Multicultural 'Deceit' in Korea?
Some cultures would destroy this statue . . .
I read a disturbing article in yesterday's JoongAng Daily about cases of migrant workers in Korea deceiving Korean women into marriages of convenience. This is the sort of thing one ought to expect, but according to Yim Seung-hye in "Woman recalls deceit in migrant marriage" (February 23, 2012), the women are naively taken advantage of in many 'multicultural' marriages involving a particular subgroup of migrant workers:
As the number of international marriages continues to rise, there is no shortage of stories painting multiculturalism in a positive light. But one such marriage has left a woman fighting for custody of her son in a trend of marital deception that appears to be growing.The most disturbing point is that this sort of deceitful marriage has happened to thousands of women. I wish some statistics had been provided, but if the reference to "an Internet group with thousands of members" is accurate, then this may be a huge problem indeed, for this internet group could be just the tip of a very large iceberg. Most of the stories that we read in the papers about so-called 'multicultural' marriages focus on Korean men marrying foreign women, and if those marriages fail to work out, blame often gets placed on the Korean husbands or the Korean in-laws, but the focus in most articles is on successful marriages and on how Koreans need to change and be more open to foreign ways. That message has its downside, as Ms. Oh's case shows:
The woman, who asked to be identified only as Oh, 38, is part of an Internet group with thousands of members who have suffered as a result of marriages with Pakistani and Bangladeshi men. The Korean women writing there have shared stories of being tricked into marriages with migrant workers from the two countries as well as verbal and physical abuse.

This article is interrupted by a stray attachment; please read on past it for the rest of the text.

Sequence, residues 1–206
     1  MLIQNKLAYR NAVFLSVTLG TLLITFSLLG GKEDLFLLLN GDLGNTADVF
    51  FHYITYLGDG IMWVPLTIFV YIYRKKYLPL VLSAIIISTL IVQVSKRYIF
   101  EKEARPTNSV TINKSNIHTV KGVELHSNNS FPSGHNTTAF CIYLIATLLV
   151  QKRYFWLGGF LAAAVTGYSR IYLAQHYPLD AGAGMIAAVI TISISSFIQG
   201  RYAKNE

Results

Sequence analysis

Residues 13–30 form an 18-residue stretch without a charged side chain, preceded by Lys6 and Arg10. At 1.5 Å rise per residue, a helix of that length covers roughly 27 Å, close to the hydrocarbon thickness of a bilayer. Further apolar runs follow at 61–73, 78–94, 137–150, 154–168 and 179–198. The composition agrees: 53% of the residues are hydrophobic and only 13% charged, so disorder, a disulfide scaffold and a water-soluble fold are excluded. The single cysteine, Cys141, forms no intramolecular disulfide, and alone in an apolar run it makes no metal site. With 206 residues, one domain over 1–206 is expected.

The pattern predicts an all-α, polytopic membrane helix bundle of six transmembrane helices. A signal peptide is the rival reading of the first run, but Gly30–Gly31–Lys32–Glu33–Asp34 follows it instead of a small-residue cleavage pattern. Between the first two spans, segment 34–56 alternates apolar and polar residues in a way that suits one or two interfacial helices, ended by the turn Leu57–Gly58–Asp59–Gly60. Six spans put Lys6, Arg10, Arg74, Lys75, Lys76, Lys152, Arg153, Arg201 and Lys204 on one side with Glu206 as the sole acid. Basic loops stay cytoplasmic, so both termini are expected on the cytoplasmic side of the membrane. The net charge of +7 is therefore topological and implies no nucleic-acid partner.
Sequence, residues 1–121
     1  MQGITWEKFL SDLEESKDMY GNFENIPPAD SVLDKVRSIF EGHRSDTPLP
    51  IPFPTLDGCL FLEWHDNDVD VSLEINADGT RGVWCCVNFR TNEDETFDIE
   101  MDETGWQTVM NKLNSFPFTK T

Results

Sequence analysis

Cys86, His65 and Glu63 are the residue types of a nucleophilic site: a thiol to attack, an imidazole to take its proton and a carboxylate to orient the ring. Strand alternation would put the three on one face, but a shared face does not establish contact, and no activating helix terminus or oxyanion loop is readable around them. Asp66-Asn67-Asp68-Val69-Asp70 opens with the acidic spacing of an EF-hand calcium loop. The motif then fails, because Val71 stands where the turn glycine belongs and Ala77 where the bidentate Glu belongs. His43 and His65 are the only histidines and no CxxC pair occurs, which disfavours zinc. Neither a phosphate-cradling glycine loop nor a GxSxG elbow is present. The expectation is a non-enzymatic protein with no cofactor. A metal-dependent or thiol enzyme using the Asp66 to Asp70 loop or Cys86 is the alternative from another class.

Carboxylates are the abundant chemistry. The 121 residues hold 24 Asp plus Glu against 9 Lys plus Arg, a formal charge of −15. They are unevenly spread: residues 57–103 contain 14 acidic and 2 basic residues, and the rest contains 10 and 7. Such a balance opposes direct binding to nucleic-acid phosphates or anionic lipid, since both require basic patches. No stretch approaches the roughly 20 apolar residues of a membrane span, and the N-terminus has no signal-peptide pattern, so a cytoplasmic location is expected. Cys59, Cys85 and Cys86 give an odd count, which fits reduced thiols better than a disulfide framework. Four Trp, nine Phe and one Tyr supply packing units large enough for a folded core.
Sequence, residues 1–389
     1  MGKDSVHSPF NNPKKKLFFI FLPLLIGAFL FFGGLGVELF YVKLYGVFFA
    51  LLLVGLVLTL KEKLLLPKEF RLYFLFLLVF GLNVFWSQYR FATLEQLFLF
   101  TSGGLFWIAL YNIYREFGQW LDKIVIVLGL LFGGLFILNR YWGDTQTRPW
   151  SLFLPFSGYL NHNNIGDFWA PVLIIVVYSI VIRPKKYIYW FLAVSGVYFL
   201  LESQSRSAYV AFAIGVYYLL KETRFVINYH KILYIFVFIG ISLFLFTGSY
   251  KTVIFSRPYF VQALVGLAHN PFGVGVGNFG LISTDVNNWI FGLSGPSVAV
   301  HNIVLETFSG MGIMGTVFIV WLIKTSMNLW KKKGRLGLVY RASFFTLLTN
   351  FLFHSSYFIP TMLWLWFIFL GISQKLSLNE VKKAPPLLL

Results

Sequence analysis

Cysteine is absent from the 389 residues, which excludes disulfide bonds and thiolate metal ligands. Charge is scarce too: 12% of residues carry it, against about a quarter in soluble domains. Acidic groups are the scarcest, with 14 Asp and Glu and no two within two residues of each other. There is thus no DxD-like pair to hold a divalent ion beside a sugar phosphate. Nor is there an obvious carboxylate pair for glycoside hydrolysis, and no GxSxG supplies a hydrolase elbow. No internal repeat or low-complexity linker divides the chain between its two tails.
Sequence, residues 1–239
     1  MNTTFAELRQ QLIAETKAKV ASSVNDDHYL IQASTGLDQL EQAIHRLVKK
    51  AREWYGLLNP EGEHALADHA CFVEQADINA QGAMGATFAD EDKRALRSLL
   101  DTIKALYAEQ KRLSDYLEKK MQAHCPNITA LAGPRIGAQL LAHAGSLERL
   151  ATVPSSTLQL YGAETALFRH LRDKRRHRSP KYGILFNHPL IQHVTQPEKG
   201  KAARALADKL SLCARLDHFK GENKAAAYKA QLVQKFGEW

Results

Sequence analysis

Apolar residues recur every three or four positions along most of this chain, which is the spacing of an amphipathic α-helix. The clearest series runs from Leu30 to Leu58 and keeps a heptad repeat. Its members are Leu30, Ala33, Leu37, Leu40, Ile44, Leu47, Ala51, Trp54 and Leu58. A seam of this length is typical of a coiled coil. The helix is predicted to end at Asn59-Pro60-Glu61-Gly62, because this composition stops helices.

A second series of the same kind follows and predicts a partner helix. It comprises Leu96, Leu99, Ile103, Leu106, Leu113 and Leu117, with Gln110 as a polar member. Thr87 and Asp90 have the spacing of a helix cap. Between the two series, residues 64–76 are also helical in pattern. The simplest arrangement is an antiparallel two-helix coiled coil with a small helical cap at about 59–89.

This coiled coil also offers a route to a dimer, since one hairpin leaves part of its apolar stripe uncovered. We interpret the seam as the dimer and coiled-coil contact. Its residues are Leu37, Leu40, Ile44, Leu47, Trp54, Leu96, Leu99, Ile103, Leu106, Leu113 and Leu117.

"There are so many women who have similar stories as mine. Most of us were hesitant to marry a migrant worker, but all of the TV shows and news stories beautifying multiculturalism and the stories of multicultural families living happily in Korea comforted us," Oh said. "But now, all of us are suffering from broken marriages. I just don't want to see any more victims like myself."My advice to Korean women considering marriage to foreigners is twofold: Get to know the man well first and also get to know the man's culture. Don't depend only on what he says. Read about his home country and the treatment of women there. Find out what his religion teaches about the treatment of women. Don't rely on sources with an interest in painting a rosy picture of other cultures. Look for the dirt that's being swept under the rug. Turn over a few stones and see what turns up. Think hard about the future with a foreigner. For instance, consider what might happen if you did marry a foreigner and had children with him. Could you be certain that on a visit to his home country, your children could not be taken from you by your in-laws? That could happen in some countries where the husband has the legal control over his children.
This advice is sound no matter what the statistics concerning cases such as that of Ms. Oh.
UPDATE: Readers in comments have expressed skepticism about the prevalence of such cases, a point on which I also had questions, but my doubts were very carefully couched, so I've now added a question mark to this blog entry's heading to indicate that I have lingering questions.